"polar vortex" is behind us, with the long, brutal winter of 2013-14 fading (finally) in most regions of the country. But now health experts are predicting a "pollen vortex" — a particularly harsh spring allergy season ahead.
Here's why: The freezing temperatures of the prolonged winter and heavy rains in March delayed the blooming of trees, and now that it's finally warming up, they are expected to bloom at the same time as grasses — causing a dramatic rise in pollen that some health experts are describing as a kind of perfect allergy-boosting storm.
What's more, the rain, humidity, and late-melting snow are also contributing to mold growth, which can worsen allergies, the LiveScience
"People who may have both tree allergies and grass allergies are probably going be doubly impacted, because both of those things are going to be blooming at the same time," said Lolita McDavid, M.D., a pediatrician at University Hospitals Rainbow Babies & Children's Hospital in Cleveland, Ohio.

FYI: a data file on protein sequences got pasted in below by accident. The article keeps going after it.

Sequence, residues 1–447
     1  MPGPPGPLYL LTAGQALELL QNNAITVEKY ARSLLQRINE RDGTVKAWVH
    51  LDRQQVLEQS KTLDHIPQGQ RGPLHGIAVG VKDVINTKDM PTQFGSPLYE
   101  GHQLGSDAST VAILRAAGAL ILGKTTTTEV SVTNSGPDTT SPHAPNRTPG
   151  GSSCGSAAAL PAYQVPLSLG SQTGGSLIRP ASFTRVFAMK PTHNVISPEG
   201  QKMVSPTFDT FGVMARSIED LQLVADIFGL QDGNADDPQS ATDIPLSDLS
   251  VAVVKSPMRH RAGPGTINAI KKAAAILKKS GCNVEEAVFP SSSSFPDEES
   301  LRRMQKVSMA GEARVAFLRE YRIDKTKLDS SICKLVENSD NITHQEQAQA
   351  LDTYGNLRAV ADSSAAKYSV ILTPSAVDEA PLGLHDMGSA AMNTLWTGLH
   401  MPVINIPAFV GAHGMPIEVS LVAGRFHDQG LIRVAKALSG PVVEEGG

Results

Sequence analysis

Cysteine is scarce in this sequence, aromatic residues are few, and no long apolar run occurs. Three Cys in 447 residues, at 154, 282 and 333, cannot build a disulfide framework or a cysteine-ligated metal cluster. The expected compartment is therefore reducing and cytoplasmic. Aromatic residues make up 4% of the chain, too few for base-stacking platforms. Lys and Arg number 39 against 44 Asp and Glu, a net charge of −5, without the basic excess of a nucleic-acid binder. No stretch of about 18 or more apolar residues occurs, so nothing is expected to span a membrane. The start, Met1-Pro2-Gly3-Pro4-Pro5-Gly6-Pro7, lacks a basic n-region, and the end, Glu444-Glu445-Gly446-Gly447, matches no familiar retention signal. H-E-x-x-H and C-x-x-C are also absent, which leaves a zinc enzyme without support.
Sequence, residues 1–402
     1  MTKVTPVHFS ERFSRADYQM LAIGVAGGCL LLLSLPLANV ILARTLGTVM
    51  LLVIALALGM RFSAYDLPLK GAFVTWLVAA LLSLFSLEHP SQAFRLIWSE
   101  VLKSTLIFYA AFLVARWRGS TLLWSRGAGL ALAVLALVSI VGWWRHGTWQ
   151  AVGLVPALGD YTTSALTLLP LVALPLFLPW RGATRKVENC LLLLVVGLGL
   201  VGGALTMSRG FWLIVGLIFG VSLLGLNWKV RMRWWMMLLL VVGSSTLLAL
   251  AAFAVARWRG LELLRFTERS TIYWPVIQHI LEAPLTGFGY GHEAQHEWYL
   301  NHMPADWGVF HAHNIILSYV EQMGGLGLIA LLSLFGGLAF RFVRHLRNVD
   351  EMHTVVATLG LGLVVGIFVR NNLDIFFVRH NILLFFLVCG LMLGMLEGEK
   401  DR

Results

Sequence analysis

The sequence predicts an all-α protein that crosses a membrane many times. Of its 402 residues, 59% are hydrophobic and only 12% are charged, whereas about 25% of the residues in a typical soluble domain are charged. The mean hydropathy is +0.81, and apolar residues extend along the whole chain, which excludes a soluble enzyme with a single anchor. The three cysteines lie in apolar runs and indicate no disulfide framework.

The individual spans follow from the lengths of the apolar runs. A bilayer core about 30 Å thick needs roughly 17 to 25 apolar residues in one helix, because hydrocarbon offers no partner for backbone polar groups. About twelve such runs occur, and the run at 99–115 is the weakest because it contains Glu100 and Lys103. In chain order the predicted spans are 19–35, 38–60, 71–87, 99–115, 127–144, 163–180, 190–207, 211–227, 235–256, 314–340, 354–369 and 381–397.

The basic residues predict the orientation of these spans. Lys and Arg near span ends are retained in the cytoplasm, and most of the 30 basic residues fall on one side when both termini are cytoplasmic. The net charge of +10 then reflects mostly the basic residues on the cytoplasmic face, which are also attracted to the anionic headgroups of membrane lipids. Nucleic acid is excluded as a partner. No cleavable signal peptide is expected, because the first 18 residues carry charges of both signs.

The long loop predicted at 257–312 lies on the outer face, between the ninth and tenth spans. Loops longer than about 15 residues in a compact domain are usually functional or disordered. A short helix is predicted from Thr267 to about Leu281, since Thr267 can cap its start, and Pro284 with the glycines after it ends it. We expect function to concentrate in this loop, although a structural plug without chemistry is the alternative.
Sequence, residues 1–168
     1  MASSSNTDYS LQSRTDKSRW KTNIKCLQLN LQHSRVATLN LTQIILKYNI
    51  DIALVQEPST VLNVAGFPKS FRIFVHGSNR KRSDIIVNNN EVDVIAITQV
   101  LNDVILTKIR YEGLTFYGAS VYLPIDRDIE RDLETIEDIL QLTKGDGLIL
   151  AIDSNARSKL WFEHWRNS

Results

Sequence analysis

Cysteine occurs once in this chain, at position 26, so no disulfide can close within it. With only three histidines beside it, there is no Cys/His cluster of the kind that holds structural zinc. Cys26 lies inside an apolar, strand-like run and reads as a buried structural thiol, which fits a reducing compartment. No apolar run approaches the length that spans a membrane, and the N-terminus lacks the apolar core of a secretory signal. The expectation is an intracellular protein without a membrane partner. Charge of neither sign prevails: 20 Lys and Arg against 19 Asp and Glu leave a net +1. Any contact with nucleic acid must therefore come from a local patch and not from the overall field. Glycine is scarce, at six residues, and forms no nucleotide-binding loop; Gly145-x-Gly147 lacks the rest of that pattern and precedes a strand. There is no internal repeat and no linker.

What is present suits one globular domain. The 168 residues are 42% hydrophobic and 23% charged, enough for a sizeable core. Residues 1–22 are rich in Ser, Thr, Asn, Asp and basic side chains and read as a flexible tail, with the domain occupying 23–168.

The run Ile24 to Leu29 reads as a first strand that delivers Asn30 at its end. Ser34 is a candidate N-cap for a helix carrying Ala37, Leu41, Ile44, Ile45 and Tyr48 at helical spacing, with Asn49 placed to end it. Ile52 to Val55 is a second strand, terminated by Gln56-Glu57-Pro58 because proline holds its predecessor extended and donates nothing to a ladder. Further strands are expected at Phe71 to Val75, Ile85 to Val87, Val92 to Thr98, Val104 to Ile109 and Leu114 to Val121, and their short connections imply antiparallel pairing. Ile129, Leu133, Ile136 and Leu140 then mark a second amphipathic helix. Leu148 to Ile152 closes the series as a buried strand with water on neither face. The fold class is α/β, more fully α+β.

According to the Centers for Disease Control and Prevention, about 8 percent of Americans suffer from seasonal allergies that cause stuffy and runny noses, watery and itchy eyes, sneezing, and wheezing on days with high pollen counts.
The severity of allergy season depends on the temperatures, precipitation, and amount of flowering grasses in an area that year, studies have shown.
"The allergy seasons seem to be getting intense in the last few years. We are not quite sure why," McDavid said. "We don't know if it's the climate change. It may be."
To ease the discomfort of spring allergy season, experts advise:
- Take an antihistamine before going to bed, to prevent allergic reactions for 24 hours.
- Change clothes when you get home from work, or after being outdoors, so you don't bring allergens indoors.
- Wash your hair before getting in bed.
- Close your windows and turn on air conditioning.
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